Diverse Institutions Collaborate on Suffragist-themed Project
With this historic election season, it was fitting that MCLA met with a university from across the nation to collaborate on a project centered on the time period and activities of men and women involved in the Suffragist movement.
The collaboration, made possible by a grant from the Hardman Initiative Fund, features the artwork of students and faculty from MCLA and Brigham Young University (BYU) in Provo, Utah. Last month, five faculty and eight students from BYU joined their MCLA peers in the Berkshires for nearly a week to work together on the project.
Their intensive exploration of the Suffragist movement took them to the Susan B. Anthony Birthplace Museum in Adams, and included a visit to the Crane Paper Mill in Dalton (right), where they learned how to produce cotton paper as part of their study of book arts.
Participants also discussed the 19th Amendment, and what has changed – or not changed – for women since 1917.
The opportunity to collaborate, converse and create with others from a different part of the country was exciting, as well as timely, since the project – which involved looking at the Suffragist movement and the impact of Susan B. Anthony – happened during this Presidential Election year, according to Melanie Mowinski, associate professor of visual art at MCLA.
“I was impressed with how engaged and devoted the students were,” Mowinski said. “They really dug into the project and were engaged from start to finish, in spite of a very rigorous schedule.”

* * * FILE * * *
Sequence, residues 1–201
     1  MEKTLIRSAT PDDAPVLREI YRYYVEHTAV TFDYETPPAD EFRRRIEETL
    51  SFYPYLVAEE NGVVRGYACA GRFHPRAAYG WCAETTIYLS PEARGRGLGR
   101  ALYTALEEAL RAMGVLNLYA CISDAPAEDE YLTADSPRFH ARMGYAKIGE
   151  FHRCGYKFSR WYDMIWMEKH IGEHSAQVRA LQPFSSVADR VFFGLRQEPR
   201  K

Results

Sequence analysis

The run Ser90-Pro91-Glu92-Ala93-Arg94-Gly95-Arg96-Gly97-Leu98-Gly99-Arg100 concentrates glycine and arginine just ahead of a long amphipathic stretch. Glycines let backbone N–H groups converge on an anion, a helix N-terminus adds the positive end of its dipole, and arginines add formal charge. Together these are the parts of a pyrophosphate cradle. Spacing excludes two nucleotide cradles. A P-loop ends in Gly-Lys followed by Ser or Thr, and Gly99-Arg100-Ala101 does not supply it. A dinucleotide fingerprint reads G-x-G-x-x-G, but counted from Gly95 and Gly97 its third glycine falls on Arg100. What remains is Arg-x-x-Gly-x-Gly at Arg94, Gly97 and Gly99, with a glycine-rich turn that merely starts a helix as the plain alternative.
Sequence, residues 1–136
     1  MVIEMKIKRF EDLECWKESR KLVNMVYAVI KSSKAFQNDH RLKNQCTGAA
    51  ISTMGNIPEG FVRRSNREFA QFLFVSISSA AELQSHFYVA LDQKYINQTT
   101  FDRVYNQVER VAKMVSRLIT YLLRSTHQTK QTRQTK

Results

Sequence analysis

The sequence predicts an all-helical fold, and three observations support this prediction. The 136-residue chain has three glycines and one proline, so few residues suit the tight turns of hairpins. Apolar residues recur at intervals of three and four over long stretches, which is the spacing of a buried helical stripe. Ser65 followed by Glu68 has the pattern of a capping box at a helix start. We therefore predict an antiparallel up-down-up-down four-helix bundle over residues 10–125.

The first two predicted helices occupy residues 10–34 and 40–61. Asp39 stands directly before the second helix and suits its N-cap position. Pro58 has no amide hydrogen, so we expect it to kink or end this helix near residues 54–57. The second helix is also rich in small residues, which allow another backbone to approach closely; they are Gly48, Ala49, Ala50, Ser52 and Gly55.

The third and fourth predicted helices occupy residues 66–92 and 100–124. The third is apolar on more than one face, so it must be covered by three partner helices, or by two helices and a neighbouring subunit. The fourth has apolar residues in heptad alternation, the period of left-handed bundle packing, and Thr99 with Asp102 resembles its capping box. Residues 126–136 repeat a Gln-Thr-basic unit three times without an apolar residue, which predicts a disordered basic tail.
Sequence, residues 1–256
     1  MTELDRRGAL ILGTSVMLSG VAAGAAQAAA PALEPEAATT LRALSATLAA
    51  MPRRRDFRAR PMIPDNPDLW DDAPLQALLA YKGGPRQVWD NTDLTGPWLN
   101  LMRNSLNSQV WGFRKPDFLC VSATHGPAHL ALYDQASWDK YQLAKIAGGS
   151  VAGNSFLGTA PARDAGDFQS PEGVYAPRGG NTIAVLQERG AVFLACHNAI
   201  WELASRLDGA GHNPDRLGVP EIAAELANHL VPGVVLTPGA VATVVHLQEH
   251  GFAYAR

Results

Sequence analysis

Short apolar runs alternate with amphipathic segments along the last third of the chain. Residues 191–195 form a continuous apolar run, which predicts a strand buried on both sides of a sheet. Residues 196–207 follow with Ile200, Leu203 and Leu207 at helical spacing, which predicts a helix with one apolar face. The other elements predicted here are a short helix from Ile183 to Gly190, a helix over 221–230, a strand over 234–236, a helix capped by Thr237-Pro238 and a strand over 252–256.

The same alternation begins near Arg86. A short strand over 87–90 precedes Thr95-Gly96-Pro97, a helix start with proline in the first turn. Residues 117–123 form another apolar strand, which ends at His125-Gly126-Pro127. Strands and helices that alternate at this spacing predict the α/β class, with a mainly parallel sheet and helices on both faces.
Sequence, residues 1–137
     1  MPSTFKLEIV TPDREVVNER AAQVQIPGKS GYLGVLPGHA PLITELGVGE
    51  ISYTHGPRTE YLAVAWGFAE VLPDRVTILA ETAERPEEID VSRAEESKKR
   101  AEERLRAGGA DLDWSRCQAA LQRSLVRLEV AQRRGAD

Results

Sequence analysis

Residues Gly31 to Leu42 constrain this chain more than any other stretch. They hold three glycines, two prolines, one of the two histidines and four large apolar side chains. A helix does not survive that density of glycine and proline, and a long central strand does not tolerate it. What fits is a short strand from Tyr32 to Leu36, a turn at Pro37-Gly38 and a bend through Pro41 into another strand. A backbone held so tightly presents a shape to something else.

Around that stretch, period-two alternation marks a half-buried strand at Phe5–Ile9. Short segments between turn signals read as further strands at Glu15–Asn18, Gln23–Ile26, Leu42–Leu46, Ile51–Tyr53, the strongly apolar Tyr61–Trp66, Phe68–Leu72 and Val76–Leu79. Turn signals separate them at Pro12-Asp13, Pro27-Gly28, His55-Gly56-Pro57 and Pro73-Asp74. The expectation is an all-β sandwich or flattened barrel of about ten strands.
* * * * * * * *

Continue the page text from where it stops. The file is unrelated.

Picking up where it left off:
The results of their creative exchange are on display in “BEE IN HER BONNET: Works in Progress,” in the exPRESS gallery, 49 Main St. in North Adams, through Sunday, Nov. 20.
The show includes pressure prints that are paired with a descriptive word – each of which conveys creator’s relationship to clothing and how clothing functioned both symbolically and instrumentally during the Suffragist era.
Soon, the pressure prints will be made into two books – one for MCLA and the other for BYU – as well as two sets of traveling prints for each group of artists to exhibit at their discretion.
Other works include the products of a creative process (pictured at top) called “Plunder books,” in which participants contributed assorted items from which each created a book-like object.
Joshua Ostraff, MCLA assistant professor of art, explained, “Our books were quick and intuitive based responses to the role clothing played in the Suffrage movement.”
The piece Ostraff created helped him to generate ideas for a book he’s in the process of making for a print exchange between the participants. Throughout November, they are creating additional handmade paper and books that explore the Suffragist era and the activities of those involved in the movement.
Exhibition copies, Ostraff said, will be exhibited both in Massachusetts and Utah, including at BYU and MCLA galleries, and at other institutions.